Search 
  Advanced Search  
     
 
Latest Article

Increase in diagnoses of autism

There has been an explosion worldwide in reported cases of autism over the last ten years, which is largely reminiscent of increases in the diagnosis of schizophrenia and multiple personality disorder in the twentieth century. This has brought rise to a number of different theories as to the nature of the sudden increase.

» Read Full Article

There has been an explosion worldwide in reported cases of autism over the last ten years, which is largely reminiscent of increases in the diagnosis of schizophrenia and multiple personality disorder in the twentieth century. This has brought rise to a number of different theories as to the nature of the sudden increase.

Epidemiologists argue that the rise in diagnoses in the United States is partly or entirely attributable to changes in diagnostic criteria, reclassifications, public awareness, and the incentive to receive federally mandated services. A widely cited study from the M.I.N.D. Institute in California (17 October 2002), claimed that the increase in autism is real, even after those complicating factors are accounted for (see reference in this section below).

Other researchers remain unconvinced (see references below), including Dr. Chris Johnson, a professor of pediatrics at the University of Texas Health Sciences Center at San Antonio and cochair of the American Academy of Pediatrics Autism Expert Panel, who says, "There is a chance we're seeing a true rise, but right now I don't think anybody can answer that question for sure." (Newsweek reference below).

The answer to this question has significant ramifications on the direction of research, since a real increase would focus more attention (and research funding) on the search for environmental factors, while little or no real increase would focus more attention to genetics. On the other hand, it is conceivable that certain environmental factors (vaccination, diet, societal changes) may have a particular impact on people with a specific genetic constitution. There is little public research on the effects of in vitro fertilization on the number of incidences of autism.

One of the more popular theories is that there is a connection between "geekdom" and autism. This is hinted, for instance, by a Wired Magazine article in 2001 entitled "The Geek Syndrome", which is a point argued by many in the autism rights movement[4]. This article, many professionals assert, is just one example of the media's application of mental disease labels to what is actually variant normal behavior—they argue that shyness, lack of athletic ability or social skills, and intellectual interests, even when they seem unusual to others, are not in themselves signs of autism or Asperger's syndrome. Others assert that it is actually the medical profession which is applying mental disease labels to children who in the past would have simply been accepted as a little different or even labeled 'gifted'. See clinomorphism for further discussion of this issue.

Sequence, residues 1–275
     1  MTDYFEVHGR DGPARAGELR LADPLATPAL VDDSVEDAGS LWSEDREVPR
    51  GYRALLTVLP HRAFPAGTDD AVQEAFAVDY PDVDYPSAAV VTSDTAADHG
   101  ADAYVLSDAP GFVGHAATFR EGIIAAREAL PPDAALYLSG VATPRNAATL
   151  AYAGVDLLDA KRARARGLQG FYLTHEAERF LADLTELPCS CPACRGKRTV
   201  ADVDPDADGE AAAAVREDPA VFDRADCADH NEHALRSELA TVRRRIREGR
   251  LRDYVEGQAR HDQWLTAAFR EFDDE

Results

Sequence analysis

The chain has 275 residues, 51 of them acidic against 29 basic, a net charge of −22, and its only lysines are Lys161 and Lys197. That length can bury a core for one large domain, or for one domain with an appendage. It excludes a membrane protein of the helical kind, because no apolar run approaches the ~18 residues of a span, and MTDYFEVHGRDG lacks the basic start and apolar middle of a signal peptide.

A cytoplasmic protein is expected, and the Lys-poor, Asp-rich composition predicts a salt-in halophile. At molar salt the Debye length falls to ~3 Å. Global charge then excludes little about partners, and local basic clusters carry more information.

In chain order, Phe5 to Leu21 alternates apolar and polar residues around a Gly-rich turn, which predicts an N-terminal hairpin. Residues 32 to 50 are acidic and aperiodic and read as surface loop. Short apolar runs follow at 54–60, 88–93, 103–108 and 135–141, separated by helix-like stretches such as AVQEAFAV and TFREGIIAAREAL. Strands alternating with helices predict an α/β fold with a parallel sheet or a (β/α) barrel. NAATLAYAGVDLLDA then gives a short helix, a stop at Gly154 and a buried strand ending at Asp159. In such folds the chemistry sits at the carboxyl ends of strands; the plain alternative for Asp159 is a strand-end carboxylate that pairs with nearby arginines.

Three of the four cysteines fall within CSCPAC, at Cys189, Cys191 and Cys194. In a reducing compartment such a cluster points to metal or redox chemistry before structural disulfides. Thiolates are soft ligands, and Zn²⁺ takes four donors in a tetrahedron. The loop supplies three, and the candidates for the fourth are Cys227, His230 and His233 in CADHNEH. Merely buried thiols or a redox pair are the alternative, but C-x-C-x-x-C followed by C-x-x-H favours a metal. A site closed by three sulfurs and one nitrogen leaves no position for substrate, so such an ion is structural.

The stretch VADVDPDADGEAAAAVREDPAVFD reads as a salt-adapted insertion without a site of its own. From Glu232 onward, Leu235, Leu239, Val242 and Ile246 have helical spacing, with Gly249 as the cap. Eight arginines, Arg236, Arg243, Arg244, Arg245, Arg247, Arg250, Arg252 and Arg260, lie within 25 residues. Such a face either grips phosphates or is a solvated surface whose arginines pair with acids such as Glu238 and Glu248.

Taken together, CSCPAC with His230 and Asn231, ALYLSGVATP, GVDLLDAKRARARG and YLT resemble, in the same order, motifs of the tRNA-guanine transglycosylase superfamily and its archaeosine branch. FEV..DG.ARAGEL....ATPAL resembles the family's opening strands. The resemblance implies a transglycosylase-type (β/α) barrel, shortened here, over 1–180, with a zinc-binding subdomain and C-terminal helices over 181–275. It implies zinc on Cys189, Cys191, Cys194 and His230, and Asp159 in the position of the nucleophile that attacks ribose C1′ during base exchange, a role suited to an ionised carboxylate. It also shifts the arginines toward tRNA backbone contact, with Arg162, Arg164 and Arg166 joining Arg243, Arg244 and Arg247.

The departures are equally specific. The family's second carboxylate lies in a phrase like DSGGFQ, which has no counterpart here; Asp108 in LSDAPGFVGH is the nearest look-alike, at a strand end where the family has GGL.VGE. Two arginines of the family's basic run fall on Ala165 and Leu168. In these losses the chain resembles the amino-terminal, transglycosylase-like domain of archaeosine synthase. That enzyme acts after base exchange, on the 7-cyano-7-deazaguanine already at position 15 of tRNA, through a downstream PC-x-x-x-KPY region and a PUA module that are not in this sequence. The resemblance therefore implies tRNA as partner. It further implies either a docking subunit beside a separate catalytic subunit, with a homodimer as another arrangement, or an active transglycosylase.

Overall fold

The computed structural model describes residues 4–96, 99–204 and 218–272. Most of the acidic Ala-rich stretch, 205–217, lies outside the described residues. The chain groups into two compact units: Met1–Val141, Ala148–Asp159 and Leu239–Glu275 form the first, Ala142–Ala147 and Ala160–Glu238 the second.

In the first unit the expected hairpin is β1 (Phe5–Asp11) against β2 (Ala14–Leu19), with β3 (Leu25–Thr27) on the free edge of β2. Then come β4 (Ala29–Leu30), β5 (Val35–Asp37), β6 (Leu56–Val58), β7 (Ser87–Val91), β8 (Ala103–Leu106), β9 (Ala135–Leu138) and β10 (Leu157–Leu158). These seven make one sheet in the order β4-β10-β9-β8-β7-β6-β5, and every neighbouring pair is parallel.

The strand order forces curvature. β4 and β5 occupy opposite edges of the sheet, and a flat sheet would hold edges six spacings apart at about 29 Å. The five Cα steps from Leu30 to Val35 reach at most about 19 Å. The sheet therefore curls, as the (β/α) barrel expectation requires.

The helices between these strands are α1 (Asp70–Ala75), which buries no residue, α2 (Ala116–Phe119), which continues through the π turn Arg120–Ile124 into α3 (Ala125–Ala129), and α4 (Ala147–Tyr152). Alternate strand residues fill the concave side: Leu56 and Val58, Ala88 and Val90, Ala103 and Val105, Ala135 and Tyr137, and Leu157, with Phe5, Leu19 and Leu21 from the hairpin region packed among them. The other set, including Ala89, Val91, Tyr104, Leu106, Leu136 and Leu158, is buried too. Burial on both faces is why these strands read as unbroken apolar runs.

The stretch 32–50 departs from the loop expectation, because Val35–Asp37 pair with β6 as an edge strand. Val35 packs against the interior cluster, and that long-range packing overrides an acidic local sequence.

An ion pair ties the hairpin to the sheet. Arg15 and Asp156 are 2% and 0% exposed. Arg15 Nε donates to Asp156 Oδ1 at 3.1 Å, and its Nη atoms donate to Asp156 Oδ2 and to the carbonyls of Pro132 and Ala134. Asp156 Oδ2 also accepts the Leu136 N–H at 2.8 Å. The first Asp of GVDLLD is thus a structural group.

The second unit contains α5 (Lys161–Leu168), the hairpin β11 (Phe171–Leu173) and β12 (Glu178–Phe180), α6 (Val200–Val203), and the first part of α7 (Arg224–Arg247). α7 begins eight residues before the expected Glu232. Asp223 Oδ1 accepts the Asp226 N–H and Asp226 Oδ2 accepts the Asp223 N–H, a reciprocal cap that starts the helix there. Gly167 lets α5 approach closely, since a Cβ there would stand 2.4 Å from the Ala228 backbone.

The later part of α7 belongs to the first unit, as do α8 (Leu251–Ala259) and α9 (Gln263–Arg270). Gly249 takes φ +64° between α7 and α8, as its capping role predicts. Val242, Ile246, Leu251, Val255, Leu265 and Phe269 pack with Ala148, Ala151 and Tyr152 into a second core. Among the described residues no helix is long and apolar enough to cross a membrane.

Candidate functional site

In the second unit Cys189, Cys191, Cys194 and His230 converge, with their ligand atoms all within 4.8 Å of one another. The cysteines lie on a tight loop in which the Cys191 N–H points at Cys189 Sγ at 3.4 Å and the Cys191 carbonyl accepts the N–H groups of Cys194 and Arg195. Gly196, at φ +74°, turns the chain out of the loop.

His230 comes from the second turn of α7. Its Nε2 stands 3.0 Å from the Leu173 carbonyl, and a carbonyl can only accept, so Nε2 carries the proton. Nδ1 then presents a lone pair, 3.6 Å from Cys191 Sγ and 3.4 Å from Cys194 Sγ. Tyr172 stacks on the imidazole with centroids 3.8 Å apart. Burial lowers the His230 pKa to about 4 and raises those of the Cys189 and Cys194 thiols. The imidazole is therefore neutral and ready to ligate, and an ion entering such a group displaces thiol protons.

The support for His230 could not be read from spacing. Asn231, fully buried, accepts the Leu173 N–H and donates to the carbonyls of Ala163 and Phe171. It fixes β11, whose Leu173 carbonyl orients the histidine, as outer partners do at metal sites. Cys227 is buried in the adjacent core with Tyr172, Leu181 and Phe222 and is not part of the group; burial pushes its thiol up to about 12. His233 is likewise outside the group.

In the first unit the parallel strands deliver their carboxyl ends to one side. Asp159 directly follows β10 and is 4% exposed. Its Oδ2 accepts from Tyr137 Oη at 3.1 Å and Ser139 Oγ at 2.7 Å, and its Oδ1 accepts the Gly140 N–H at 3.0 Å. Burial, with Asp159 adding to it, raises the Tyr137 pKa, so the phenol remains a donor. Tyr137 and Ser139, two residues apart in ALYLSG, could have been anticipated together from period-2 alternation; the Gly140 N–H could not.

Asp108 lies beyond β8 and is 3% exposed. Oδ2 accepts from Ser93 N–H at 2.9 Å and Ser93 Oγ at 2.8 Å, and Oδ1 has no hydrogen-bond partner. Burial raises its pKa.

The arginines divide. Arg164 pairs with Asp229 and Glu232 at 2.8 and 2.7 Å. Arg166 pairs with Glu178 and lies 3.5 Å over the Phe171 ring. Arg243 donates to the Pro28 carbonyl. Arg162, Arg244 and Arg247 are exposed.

Due to the recent publicity surrounding autism and autistic spectrum disorders, an increasing number of adults are choosing to seek diagnoses of high-functioning autism or Asperger's syndrome in light of symptoms they currently experience or experienced during childhood. Since the cause of autism is thought to be at least partly genetic, a proportion of these adults seek their own diagnosis specifically as follow-up to their children's diagnoses. Because autism falls into the pervasive developmental disorder category, strictly speaking, symptoms must have been present in a given patient before age seven in order to make a differential diagnosis.

 

 



The number of reported cases of autism has increased dramatically over the past decade. Statistics in graph from the National Center for Health Statistics.

 

 
© Copyright 2006-2007 autism-pakistan.org. All Rights Reserved.